Maestro Valery Gergiev (1953- ), Director of the Mariinsky Theatre Orchestra and well-known international art music figure
Thorough the gifts and charisma of Maestro Valery Gergiev, The World Orchestra for Peace continues to bring hope that we can find genuine understanding and harmony, not only in music…
“Of course, we can’t make peace all at once. However, we can show the world that people of different cultures can work together”. These words of the famous Russian maestro Valery Gergiev prefaced his performance on 5 August at the famous London festival of classical music, the BBC Promenade Concerts (BBC Proms), as the chief conductor of the World Orchestra for Peace. On the eve of the concert, this unique group, consisting of 90 performers, representing 47 of the best orchestras in the world, was awarded the honorary title of UNESCO Artists for Peace. Gergiev himself has held the title since 2003.
“Artists for Peace” is the motto of the organisation according to its founder, British maestro Sir George Solti. The concert in honour of the 50th anniversary of the UN under his baton in 1995 was, unfortunately, the only one [under his direction]. Sir George died shortly thereafter, but his idealistic belief in the special mission of this international ensemble was remarkably resilient. The Peace Orchestra musicians played complex scores with almost no rehearsal, demonstrating miracles in understanding the music. In large part, this was due to the talent of Maestro Gergiev, who took the orchestra after the death of Solti. Then, critics unanimously declared that only Gergiev, with his charisma, could so brilliantly continue this project.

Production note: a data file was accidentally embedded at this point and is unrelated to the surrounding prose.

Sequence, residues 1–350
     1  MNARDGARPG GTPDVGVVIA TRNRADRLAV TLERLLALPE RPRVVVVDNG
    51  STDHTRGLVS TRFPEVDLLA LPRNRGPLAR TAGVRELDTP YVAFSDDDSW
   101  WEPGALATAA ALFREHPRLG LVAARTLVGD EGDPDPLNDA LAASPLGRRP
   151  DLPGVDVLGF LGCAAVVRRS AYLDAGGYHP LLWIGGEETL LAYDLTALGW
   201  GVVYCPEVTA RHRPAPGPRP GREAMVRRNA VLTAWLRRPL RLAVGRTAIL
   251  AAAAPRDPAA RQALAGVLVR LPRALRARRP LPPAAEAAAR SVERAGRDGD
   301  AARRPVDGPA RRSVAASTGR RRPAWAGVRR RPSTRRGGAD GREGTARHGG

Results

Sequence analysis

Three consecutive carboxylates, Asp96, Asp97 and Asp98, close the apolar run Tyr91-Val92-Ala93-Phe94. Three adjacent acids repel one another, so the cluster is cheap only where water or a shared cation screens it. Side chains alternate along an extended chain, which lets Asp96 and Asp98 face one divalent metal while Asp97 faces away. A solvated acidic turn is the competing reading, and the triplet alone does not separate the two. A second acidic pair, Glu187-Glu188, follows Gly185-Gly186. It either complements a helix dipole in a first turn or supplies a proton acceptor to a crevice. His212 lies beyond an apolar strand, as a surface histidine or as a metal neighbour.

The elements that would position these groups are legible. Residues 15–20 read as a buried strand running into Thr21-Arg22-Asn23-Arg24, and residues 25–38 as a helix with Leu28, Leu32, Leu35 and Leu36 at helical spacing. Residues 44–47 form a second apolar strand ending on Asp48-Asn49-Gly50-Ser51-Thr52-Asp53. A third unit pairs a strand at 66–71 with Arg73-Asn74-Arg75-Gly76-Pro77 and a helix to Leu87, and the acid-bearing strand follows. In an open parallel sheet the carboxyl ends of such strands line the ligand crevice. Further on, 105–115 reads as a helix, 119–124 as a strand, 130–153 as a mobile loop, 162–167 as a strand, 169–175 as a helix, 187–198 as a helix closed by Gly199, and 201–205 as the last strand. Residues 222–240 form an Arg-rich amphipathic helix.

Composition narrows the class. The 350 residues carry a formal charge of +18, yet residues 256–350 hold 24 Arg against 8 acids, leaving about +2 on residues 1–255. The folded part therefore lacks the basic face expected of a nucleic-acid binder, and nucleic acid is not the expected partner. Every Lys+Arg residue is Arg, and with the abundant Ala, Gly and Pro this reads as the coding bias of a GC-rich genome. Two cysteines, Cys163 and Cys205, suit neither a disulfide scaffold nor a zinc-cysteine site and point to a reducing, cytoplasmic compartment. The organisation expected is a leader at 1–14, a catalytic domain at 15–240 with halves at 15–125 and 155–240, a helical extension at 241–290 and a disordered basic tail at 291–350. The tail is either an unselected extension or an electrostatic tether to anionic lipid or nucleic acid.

Meanwhile, Valery Abisalovich, despite his worldwide fame and adoration, very modestly spoke of himself. “I never thought that I would be a leader as a way of life, I never thought that I would be a conductor, I never thought that I would lead a large orchestra. However, I was involved in music. Once it arises, a love for classical music doesn’t diminish. It’s an incurable disease, and I am a willing sufferer. What’s a conductor? Of course, he’s a musician, but he’s a man who every day, every morning and evening, and in every rehearsal and in every concert, who directs, above all, a group of people. I’ve always relied on very sincere human relations, proceeding from the fact that I treat my close working colleagues as my friends”, Maestro Gergiev said.
Perhaps this simple principle allows the Russian conductor to overcome the difficulties that arise in working with musicians from different traditions. “An oboist from Vienna and a trombonist from America will have very different ideas about style, intonation, and even how to breathe. However, the great pleasure of working with such a challenging group consists precisely in how quickly different musicians of different performing schools can find common ground and achieve a harmonious sound”, he said.
For Maestro Gergiev, a reminder about the need for peace and harmony in these days of August is particularly relevant. Two years ago, just days after Russian troops stopped the armed invasion of South Ossetia by Georgia, Maestro Gergiev with the Mariinsky Theatre Orchestra arrived in the destroyed Ossetian capital of Tskhinvali, and gave an open-air concert in memory of the victims of the Georgian aggression. Moreover, the music and words he chose called us to reason, compassion, and humanism. Incidentally, the World Orchestra for Peace is not the only international ensemble that has worked with Maestro Gergiev. For example, he directed the World Youth Orchestra in a concert given in Moscow on Red Square. In addition, in recent years, he has spent his creative life on different stages throughout the world, with different musical ensembles, performing music by composers of all epochs and all nations. That is not very different from his work with the World Peace Orchestra; it’s the same thing, really; it’s a huge non-stop international project.
5 August 2010
Voice of Russia World Service